Friday, January 02, 2009

Their Tongues Are Free At Last!

The babies' tongues have been released! We are home and doing well!

We were up before 5am this morning as Jason and I got the babies ready for the trip to the hospital. I was not supposed to nurse the babies for 4 hours before the surgery (2:30am) but after reading numerous studies proving that breastmilk is safe 3 hours before surgery, I had decided to nurse them for the last time at 3:30am.

Unfortunately when they were both inconsolable at 4am, I caved. I nursed them both quickly and prayed that all would be well. Besides, don't I always tell laboring moms that it is more dangerous to aspirate something more acidic (stomach acid) than something with a more neutral pH like crackers or toast? If I were going to aspirate anything, I'd want it to be breastmilk!

We got to the hospital at 6:30am and headed up to the surgical floor of the Children's Center. The waiting room was empty and we were taken back pretty quickly. The nurses came in and took the babies' vitals while Jason and I held them and kept them calm.

Ryan was pretty fussy at first but soon fell asleep in my arms. We walked up and down the hallway with the babies while they wore their little hospital gowns. Nathan fell asleep briefly but woke up when the doctors came into the room.

The anesthesia resident came by first to tell us what to expect, followed by his attending. The ENT came in next and explained the procedure again before leaving us with the nurse. She was so sweet and she held Nathan in her arms and carried him back to the OR. Jason and I waited with Ryan who was still sleeping in my arms.

The ENT doc came back in about 40 minutes later and told us that Nathan was done. He said that once N was asleep he got a good look and the tongue was more restricted than he originally thought. He excised the frenulum and cauterized it and then sutured it so that it won't grow back together. The doc said that N was having a little trouble breathing because his tongue was siding down the back of his throat. We've been watching him all day and haven't seen any episodes of apnea or bradycardia so we should be in the clear!

He did want us to keep an eye on N's salivary glands because one salivary duct turned white after he cauterized the incision area. Damage to salivary glands is a possible complication of the surgery. I am sure he'll be fine though!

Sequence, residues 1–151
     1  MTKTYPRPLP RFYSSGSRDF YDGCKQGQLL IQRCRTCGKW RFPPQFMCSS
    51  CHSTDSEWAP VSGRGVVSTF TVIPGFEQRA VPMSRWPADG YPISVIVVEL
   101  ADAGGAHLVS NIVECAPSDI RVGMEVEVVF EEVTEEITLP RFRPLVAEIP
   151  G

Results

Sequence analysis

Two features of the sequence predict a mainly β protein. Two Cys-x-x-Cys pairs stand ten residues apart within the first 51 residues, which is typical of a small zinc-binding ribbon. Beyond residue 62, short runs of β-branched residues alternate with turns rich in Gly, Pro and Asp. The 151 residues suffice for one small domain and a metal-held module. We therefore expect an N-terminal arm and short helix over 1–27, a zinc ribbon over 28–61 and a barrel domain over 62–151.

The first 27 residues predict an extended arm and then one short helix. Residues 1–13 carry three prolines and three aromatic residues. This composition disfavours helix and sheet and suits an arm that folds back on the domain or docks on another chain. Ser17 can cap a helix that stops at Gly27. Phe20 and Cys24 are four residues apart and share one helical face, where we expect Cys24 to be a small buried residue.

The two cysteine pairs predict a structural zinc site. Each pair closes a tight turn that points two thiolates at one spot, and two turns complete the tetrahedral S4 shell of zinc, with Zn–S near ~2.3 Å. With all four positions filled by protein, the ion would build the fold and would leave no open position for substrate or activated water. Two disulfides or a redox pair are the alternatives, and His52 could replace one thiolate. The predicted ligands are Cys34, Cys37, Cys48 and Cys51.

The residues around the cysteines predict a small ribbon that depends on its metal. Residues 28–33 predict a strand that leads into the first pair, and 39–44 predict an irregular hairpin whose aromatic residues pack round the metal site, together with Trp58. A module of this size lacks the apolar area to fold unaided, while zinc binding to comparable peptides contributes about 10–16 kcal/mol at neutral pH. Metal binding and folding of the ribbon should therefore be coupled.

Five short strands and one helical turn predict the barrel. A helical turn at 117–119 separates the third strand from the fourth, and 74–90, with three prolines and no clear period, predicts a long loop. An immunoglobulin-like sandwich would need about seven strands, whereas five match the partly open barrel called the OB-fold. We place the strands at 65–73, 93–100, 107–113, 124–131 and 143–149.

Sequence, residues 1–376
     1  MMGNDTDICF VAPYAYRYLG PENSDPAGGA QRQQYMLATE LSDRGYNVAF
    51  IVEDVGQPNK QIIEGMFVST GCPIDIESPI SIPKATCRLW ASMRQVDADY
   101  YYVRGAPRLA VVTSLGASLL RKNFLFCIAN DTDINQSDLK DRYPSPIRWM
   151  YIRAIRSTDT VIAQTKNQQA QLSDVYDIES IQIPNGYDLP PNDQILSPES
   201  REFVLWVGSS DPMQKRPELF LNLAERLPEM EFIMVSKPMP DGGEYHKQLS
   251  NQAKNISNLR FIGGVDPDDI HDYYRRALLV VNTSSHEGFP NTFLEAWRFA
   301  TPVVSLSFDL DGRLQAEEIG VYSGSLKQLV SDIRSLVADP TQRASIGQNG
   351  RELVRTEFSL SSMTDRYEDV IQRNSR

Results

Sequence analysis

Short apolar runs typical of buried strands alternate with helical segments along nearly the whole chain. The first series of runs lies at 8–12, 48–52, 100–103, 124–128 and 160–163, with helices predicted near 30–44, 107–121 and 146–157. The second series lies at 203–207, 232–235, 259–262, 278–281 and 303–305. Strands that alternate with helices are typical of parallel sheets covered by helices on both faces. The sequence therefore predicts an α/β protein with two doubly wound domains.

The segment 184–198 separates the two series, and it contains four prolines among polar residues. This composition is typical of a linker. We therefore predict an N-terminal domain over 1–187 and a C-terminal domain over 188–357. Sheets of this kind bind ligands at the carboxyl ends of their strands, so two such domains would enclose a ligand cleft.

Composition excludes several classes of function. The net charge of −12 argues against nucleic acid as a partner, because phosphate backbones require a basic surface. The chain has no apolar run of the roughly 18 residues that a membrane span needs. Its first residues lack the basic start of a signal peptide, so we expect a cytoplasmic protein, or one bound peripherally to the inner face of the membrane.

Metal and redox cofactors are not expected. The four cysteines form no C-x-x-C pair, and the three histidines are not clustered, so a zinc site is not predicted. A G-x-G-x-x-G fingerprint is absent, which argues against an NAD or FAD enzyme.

The nurse carried a sleeping Ryan back to the OR while Jason and I went to be with Nathan as he woke up. He started to fuss a bit as he was waking but I held him and nursed him right away before he could really cry. He was still clicking when he nursed but it can take a few days for babies to correct their latch after the frenulum is corrected.

Just as Nathan finished nursing, they brought Ryan in to the recovery room. He was still asleep and stayed that way for about 15-20 minutes. Jason held N and I held R's hand as we waited for him to wake up. When he did open his eyes he didn't cry at all. I scooped him up and nursed him right away. He never even cried.

The nurse have the babies Tylenol before we were discharged. Nathan has slept all day long, only waking to nurse. Ryan has been very fussy and I've been giving him Tylenol and Arnica. He hasn't slept much and seems pretty uncomfortable. They should both feel better once the sutures dissolve in a few days.
For those that are curious, I snapped a few pictures of the babies' tongues now. Do you know how hard it is to get a picture under their tongues? I had to wait for them to laugh really big- or yawn.
The white areas are where it was cauterized to stop the bleeding. The dark brown areas are sutures. The area that was excised is diamond-shaped, right where the frenulum is, in the center of the tongue. It looks pretty uncomfortable to me, but it means that their tongues are finally free. Free to breastfeed and one day eat, talk, and stick their tongues out at their mama.

Thank you all for your thoughts and prayers! Now just pray that our house sells and I can survive the coming months without Jason. One day at a time...
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